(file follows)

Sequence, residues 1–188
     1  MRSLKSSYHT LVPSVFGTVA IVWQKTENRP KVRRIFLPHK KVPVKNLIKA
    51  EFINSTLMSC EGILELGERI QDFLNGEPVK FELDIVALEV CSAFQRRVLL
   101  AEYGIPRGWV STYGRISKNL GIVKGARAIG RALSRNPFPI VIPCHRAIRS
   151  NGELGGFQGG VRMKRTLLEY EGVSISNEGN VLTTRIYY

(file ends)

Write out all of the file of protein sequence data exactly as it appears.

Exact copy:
Sequence, residues 1–188
     1  MRSLKSSYHT LVPSVFGTVA IVWQKTENRP KVRRIFLPHK KVPVKNLIKA
    51  EFINSTLMSC EGILELGERI QDFLNGEPVK FELDIVALEV CSAFQRRVLL
   101  AEYGIPRGWV STYGRISKNL GIVKGARAIG RALSRNPFPI VIPCHRAIRS
   151  NGELGGFQGG VRMKRTLLEY EGVSISNEGN VLTTRIYY